This post was authored by Salvatore M. Capizzi, Dunham's Chief Sales & Marketing Officer. If you have questions concerning today's topic, please call us at (858) 964 - 0500. Hold us to higher standards.

We all cherish our children, yet we may have reservations about their choice of spouse. And no, Jake, I am not pointing a finger at you!

Our responsibilities in estate planning extend beyond merely allocating assets to loved ones. We also need to discuss safeguarding the legacies your clients painstakingly built, ensuring they stay within the family. Safeguarding these assets is especially crucial when there is uncertainty or discomfort regarding the person their child married.

One critical aspect that I believe many financial advisors overlook or inadequately address is protecting their client’s child’s inheritance from divorce. It is not a pleasant subject, but it is a reality your client may need to confront. Inheritance Trusts should be a discussion point with your client as the design of these trusts primarily protects those cherished family assets from that rogue son or daughter-in-law.

Misconceptions About Inheritance Trusts

Many people may believe that Inheritance Trusts are only for the ultra-wealthy. However, this type of trust protecting an inheritance from a child's divorce can be a valuable tool for families and estates of various sizes as it provides asset protection in a divorce for your client's children.

Inheritance Trusts for Children and Grandchildren

Inheritance Trusts are not just legal documents but valuable tools for the ultimate disposition of assets to your client's family. This trust for their children enables your clients to set precise terms for handling their assets, including safeguards against unforeseen circumstances like divorce. By guiding your clients in creating these trusts, you help them protect their children's or grandchildren's inheritance.

Protecting Inheritance from Divorce

We know that divorce can lead to a split of assets, sometimes right down the middle. You need to discuss estate planning and divorce together when planning. Without this, your client's children's inherited wealth may end up with an unintended recipient, like a manipulative son or daughter-in-law. Your recommendation of an Inheritance Trust can be the key to keeping those assets within your client's family.

Revocable and Irrevocable Trusts?

If your client only has a Revocable Living Trust, it may offer flexibility but fall short of providing strong protection against divorce claims. An Irrevocable Trust could work, but it is a more rigid option, and may provide robust protection as it cannot be easily altered or revoked. When viewed against these two options, an Inheritance Trust could be a strong option.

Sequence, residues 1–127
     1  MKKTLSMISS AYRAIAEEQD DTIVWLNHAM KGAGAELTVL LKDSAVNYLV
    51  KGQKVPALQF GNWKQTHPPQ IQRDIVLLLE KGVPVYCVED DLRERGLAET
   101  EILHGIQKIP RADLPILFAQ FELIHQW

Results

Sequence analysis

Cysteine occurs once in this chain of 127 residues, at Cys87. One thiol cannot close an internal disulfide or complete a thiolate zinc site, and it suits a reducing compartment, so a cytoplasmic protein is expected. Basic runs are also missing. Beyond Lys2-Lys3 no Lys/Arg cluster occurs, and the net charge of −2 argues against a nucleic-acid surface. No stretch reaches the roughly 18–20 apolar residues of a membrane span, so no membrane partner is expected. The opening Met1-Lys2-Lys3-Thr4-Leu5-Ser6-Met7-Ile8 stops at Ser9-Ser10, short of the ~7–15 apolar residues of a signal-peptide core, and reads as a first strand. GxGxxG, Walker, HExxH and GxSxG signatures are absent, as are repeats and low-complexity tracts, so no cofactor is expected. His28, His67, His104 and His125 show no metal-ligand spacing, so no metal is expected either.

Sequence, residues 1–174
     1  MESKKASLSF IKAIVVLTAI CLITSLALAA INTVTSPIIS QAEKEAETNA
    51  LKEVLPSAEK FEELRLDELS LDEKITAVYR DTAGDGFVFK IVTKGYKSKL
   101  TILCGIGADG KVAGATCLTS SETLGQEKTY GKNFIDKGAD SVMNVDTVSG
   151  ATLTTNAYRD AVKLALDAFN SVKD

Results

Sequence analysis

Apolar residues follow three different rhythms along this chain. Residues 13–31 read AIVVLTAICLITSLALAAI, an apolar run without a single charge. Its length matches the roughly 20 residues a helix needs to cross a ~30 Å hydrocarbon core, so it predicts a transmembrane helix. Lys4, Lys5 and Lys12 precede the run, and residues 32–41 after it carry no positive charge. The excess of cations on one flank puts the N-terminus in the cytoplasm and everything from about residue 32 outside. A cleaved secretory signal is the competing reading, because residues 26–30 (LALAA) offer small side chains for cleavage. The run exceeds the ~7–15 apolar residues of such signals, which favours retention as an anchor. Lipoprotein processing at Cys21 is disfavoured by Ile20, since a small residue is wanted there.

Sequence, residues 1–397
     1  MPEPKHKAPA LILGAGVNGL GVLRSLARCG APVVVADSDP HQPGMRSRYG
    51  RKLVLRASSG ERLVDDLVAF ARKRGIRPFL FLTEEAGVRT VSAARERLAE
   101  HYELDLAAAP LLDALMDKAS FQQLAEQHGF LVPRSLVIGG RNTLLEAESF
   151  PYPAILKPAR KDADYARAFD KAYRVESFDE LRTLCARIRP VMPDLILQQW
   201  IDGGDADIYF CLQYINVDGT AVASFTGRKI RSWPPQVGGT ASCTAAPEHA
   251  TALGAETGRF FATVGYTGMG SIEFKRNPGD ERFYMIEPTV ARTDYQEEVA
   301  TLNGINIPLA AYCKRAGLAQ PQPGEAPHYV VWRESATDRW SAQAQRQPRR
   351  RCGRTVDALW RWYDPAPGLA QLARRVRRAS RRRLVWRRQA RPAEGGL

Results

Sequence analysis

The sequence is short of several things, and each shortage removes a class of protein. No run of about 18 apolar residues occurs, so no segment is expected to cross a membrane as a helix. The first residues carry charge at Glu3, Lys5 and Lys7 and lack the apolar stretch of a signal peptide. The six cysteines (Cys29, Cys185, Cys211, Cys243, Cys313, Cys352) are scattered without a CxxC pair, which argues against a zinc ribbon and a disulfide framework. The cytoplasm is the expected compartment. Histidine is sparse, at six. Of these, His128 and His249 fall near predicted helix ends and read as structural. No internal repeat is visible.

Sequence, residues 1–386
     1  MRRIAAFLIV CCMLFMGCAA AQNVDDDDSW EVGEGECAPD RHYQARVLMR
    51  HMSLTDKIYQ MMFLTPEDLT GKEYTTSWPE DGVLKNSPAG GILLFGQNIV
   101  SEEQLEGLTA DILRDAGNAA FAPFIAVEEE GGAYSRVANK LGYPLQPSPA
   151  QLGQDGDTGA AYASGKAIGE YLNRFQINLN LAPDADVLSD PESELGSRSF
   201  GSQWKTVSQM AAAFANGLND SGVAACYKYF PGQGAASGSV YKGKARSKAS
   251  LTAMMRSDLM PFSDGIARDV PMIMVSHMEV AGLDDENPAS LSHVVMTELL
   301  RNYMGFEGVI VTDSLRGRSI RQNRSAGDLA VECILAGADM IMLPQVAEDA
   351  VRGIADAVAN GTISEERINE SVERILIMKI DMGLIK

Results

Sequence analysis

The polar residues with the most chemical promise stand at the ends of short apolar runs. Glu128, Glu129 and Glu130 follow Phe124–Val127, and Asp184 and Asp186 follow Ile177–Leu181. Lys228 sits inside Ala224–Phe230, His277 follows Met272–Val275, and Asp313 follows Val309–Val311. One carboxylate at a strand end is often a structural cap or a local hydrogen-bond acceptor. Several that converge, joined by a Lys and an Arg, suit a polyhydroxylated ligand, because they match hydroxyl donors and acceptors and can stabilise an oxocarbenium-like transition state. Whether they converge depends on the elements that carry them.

Structuring an Inherited Trust

An Inherited Trust, also called a "beneficiary trust," ensures that assets remain protected once they pass from your client to their children. As a financial advisor, understanding how an inherited trust is structured, especially in conjunction with a client's revocable trust, is valuable.

         Creation of the Revocable Living Trust

The creation of a revocable trust for the children is the initial step. Your client establishes a revocable living trust, placing assets within the trust's control. This trust often provides your client control of the assets and the flexibility to alter terms during their lifetime.

        Creation of the Inheritance Trust

Your client's attorney will draft the Inheritance Trust to include specific terms and conditions that your client would like, such as asset protection from potential divorce or creditors of the beneficiaries.

       Incorporation of the Inheritance Trust

Within the revocable trust's documents, specific provisions name the Inheritance Trust as the recipient of assets upon your client's death. When your client passes away, the assets within the revocable trust flow into the Inheritance Trust.

Potential Challenges and Legal Considerations of an Inheritance Trust

While offering significant advantages, inheritance trusts have challenges that need careful consideration. One of the potential drawbacks is the cost factor. Establishing and maintaining an inheritance trust involves expenses such as drafting the initial documents. Should a corporate trustee be chosen, an annual trustee fee will also apply, adding to the total cost.

Another consideration is that Inheritance Trusts are subject to rules that may vary across states and jurisdictions. Engaging legal professionals with expertise in trust law specific to your region is important.

Final Thoughts

Inheritance trusts represent a sophisticated and versatile tool in your arsenal of financial planning. From safeguarding assets against unforeseen circumstances like divorce to ensuring a family's legacy remains intact for future generations, these trusts may provide a worthwhile solution.

By working closely with experienced legal professionals, your clients can create Inheritance Trusts that protect their hard-earned assets, helping them preserve and protect what matters most.


(1) Keeping Your Assets in the Family — The Inheritance Trust, by Ettinger Law Firm, n/d, Inheritance Trust is created,of the Mary Jones Trust”

(2) An Inheritance Trust Can Keep Your Assets In Your Family
by The Karp Law Firm, n/d,

(3) What You Should Know About Inheritance Protection Trusts by Bouman Law Firm, n/d,


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